Back in 1998, when I was 22 years old, I had just graduated from university and was starting the rest of my life when I passed out in the middle of a party. Three days later, I was diagnosed with leukemia.
Over the next couple of years, two bone marrow transplants, and very near-death experiences while in ICU, I quickly learned the system was not set up to support people like me. Here I was, a young guy at the beginning of my life who was forced to face the end of it. The average age of the gang at the cancer centre was closer to my grandparents’ age than mine, and they didn’t know what it was like to come up against that fear and uncertainty at that stage of life. They weren’t worried about starting a career, or a family, or whether or not it was practical to buy a house; they were retired and had grandkids and weekend getaways.
Recovery from my first transplant enabled the start of Young Adult Cancer Canada (YACC), initially as RealTime Cancer. Recovery from my second transplant lead to our first strategic plan and the awareness that no one in Canada was focused on the 7,000 young adults diagnosed with cancer each year. We truly are the forgotten generation. We have been working to change that ever since.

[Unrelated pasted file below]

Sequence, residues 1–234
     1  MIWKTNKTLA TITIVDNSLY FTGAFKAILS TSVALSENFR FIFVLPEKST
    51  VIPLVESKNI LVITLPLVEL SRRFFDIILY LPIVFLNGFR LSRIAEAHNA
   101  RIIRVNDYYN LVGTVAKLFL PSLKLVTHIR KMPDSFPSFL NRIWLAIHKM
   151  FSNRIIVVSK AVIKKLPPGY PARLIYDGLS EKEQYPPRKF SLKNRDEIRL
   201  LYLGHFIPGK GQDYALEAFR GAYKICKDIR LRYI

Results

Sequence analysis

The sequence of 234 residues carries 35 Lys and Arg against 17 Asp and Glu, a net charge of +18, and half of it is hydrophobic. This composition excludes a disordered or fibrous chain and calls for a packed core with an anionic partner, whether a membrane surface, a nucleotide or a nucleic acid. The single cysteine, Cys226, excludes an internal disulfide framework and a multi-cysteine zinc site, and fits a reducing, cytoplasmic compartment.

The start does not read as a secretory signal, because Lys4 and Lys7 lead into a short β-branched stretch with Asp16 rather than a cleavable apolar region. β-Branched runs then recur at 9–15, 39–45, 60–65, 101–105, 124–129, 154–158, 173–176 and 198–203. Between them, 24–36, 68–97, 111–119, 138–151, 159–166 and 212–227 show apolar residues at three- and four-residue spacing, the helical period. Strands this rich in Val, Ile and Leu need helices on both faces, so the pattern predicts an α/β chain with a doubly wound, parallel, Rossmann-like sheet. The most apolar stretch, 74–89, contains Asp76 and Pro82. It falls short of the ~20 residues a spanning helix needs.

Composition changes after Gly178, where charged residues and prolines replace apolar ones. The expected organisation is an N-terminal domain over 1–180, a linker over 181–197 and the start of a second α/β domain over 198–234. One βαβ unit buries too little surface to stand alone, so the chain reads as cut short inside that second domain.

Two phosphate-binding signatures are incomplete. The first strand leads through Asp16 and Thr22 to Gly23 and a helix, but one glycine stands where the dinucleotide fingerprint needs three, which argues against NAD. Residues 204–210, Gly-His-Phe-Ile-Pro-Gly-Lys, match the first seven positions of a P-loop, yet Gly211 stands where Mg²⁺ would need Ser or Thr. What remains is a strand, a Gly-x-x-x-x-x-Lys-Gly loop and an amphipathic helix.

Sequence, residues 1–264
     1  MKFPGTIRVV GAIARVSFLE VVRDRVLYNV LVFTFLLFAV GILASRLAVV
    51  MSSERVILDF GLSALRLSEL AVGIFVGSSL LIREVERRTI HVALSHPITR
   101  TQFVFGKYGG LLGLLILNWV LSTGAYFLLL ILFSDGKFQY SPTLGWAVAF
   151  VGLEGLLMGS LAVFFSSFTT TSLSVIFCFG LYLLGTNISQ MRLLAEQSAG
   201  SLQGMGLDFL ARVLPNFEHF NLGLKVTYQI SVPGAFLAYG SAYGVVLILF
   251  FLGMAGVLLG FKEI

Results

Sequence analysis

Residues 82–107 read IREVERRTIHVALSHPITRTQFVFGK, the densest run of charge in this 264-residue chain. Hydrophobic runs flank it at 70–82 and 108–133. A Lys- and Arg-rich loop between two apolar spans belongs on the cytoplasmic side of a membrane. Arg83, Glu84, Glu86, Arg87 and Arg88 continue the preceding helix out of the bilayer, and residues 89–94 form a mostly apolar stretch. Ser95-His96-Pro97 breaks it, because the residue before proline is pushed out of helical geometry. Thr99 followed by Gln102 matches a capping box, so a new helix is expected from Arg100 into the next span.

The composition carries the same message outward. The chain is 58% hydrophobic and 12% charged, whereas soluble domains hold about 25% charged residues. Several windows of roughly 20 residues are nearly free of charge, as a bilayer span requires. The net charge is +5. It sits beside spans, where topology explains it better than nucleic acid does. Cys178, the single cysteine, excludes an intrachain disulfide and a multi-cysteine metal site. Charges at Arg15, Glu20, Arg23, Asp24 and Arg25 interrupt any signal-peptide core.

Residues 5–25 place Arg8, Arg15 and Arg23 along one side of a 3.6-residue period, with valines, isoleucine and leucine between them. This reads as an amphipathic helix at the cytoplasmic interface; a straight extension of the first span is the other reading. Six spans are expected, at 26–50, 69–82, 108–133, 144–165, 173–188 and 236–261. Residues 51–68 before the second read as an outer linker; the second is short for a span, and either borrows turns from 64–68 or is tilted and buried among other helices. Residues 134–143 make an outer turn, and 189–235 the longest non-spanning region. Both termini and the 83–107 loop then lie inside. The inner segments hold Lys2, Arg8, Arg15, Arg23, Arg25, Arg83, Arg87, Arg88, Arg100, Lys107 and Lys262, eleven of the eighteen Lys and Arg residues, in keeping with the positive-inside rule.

Cancer is different when you are young and isolation is prevalent. It’s why we say “any cancer, any stage, YACC’s got your back.”
June 15, 2015 marks YACC’s 15th birthday, and to celebrate, we’re telling our story—the stories of the thousands connected to YACC—through five emails to help you feel the impact of our work and energy of our vision. Thanks for being here; hope you’ll stick around.
Live life. Love life.
Click here to read part 2 of this story!
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